MAVRIC - testing the abdominal stitch

Professor Andrew Shennan, Dr Annette Briley, Mr Paul Seed, Mrs Jenny Carter

Tommy's researchers have found that women receiving the abdominal stitch instead of the traditional vaginal stitch were more likely to have a baby that survived, and less likely to give birth before 32 weeks of pregnancy.

In pregnancy, the cervix helps to keep the baby in the womb, as well as protecting the womb - and the baby - from infection. A weak cervix may lead to premature birth or miscarriage: as pregnancy progresses it gradually opens until there is no longer enough support to keep the baby in the womb. To counteract a weak cervix, ‘stitches’ are often inserted in a process known as a cervical cerclage.

The stitch can be put in in two ways: either through the abdomen or the vagina. Mostly, the vaginal route is used as it is less invasive and there is a lower risk of complications. However, some women still miscarry or have early deliveries even though they have had a stitch put in: only 1 out of 25 vaginal cerclages actually help.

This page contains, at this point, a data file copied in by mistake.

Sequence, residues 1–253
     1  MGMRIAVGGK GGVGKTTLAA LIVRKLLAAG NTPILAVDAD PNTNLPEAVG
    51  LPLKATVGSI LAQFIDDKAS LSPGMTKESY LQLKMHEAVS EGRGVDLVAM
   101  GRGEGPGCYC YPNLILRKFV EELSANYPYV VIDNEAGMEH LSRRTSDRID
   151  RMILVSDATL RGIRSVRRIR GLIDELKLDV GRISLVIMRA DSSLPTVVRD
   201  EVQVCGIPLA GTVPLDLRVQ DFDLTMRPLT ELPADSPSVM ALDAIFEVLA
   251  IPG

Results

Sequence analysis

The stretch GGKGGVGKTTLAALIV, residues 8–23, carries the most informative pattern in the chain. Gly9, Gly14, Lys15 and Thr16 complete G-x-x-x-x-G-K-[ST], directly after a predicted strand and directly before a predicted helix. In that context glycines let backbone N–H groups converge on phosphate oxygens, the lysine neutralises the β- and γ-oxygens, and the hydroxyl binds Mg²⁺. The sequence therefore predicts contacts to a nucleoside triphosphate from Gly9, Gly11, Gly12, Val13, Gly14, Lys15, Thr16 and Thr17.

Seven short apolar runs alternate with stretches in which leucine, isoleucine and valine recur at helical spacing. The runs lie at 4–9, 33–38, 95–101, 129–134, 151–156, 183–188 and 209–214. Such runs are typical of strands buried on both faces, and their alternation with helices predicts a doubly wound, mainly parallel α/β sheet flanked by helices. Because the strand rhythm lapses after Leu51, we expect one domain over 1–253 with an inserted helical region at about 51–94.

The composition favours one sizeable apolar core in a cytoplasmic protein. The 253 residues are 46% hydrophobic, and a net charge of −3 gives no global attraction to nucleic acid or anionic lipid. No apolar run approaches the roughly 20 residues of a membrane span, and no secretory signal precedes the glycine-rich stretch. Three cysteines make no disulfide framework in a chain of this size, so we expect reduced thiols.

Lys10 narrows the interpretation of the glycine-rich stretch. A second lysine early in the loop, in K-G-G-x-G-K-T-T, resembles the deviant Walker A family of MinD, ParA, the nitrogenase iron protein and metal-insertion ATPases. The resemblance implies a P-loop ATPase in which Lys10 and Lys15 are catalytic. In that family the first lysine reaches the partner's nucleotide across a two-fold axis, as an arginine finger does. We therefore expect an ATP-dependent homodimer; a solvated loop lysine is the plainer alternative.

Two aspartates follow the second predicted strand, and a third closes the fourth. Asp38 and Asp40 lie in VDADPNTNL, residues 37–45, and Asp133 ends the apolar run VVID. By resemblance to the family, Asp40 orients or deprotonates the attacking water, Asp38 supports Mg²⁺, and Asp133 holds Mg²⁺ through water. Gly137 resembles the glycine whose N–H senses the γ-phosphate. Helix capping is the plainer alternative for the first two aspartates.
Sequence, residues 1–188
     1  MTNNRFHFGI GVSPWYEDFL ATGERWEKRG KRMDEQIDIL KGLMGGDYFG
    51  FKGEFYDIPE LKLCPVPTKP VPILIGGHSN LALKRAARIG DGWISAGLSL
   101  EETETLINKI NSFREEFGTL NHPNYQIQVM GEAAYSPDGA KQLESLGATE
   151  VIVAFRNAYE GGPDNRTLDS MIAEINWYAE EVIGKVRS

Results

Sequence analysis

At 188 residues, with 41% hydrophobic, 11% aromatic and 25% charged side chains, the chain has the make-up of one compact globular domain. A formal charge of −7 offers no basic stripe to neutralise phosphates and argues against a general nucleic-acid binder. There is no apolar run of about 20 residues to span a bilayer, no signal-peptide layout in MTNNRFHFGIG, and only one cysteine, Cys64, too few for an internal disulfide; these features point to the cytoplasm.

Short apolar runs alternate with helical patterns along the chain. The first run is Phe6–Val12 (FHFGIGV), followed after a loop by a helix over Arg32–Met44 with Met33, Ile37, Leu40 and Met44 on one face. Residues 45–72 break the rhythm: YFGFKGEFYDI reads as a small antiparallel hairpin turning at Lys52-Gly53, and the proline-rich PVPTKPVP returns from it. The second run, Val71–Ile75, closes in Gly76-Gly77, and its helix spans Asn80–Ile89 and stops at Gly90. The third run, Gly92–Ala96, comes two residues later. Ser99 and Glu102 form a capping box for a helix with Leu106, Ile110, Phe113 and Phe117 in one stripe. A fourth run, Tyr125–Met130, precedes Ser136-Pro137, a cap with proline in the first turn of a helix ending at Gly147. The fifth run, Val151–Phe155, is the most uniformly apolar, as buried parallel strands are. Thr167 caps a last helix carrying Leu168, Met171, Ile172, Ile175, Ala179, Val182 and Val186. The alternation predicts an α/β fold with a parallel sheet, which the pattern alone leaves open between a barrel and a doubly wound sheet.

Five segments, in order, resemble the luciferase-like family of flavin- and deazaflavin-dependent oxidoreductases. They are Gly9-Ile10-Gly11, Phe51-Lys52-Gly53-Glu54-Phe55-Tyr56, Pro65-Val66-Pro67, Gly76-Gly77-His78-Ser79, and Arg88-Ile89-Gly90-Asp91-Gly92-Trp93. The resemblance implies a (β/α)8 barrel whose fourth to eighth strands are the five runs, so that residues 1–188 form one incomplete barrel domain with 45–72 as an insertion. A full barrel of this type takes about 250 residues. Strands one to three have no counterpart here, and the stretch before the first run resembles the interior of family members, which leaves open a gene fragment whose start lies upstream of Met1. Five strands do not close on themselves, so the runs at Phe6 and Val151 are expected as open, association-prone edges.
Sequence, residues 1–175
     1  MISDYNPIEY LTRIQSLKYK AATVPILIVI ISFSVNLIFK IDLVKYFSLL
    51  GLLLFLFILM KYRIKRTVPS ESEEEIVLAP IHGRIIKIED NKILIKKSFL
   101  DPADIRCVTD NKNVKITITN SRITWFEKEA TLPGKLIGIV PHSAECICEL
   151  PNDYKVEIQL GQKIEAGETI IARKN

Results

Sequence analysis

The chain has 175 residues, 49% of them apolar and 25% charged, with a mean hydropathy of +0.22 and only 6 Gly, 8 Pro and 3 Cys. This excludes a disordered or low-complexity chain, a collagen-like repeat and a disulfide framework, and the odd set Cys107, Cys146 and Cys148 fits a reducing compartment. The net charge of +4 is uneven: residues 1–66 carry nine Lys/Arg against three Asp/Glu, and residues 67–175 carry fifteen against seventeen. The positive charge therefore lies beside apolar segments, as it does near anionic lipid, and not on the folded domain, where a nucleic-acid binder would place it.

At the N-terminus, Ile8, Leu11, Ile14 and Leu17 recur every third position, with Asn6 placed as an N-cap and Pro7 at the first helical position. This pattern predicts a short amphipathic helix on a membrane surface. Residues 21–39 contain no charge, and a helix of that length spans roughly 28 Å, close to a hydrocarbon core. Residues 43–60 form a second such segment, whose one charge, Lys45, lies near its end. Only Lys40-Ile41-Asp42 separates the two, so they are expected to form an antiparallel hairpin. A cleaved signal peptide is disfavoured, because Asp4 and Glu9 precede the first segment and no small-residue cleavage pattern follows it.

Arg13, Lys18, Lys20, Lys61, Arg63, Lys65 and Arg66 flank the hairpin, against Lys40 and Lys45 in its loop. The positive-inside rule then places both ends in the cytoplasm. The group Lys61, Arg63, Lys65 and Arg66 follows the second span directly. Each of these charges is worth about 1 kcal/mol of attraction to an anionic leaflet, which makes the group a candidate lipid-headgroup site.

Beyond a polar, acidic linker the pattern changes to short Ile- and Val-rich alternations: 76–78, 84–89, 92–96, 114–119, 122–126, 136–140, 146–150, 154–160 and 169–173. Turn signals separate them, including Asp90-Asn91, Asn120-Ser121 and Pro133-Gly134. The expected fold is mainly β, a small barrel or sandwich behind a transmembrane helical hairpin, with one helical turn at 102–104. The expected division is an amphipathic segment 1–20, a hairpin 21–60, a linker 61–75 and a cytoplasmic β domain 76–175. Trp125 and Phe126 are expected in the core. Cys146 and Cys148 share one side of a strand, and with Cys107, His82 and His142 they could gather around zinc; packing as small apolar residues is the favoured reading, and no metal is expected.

We didn't understand why this method worked for some women and not for others. The MAVRIC study was a randomised trial designed to see if the abdominal or cervical stitch was more effective at stopping premature birth and improving a baby's chances. 

The study is now complete. We found that women who had an abdominal stitch were more likely to have a baby that survived, as well as one born after 32 weeks of pregnancy. Only four women would have to receive the treatment to save a life. We suggest that women who have had failed vaginal stitches should be given the abdominal stitch as a more effective method. This should now be offered to all such women, and medical specialists should be trained in how to perform the procedure. 

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This study took place in a Tommy's centre and was funded by Tommy's, the Moulton Charitable Foundation, and the National Institute for Health Research's Clinical Research Network

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